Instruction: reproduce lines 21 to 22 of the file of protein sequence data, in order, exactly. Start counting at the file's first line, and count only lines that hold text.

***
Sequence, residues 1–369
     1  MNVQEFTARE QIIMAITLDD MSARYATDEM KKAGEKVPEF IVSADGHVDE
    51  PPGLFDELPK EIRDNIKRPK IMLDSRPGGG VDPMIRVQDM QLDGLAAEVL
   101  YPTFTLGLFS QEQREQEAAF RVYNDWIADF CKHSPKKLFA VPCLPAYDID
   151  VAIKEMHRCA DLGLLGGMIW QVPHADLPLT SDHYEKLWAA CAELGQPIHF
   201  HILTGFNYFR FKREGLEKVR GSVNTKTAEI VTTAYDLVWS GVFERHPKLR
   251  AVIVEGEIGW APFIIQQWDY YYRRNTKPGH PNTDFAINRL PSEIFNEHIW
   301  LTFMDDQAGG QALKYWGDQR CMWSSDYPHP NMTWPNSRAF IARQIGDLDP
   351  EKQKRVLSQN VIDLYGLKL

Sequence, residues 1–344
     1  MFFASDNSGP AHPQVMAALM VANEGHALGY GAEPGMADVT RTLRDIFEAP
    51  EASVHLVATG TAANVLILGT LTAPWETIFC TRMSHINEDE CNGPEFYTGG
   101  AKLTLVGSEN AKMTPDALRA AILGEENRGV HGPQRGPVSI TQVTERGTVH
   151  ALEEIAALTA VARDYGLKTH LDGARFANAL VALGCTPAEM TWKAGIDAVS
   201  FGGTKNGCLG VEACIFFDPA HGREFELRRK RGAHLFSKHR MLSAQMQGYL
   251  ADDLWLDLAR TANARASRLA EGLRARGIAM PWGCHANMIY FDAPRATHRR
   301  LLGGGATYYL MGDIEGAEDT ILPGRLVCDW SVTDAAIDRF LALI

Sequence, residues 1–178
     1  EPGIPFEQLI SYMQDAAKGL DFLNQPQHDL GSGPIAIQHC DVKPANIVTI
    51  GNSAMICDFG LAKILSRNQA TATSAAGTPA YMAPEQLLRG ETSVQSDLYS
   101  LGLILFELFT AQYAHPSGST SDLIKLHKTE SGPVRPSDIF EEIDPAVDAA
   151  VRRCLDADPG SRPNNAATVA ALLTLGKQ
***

   101  LGLILFELFT AQYAHPSGST SDLIKLHKTE SGPVRPSDIF EEIDPAVDAA
   151  VRRCLDADPG SRPNNAATVA ALLTLGKQ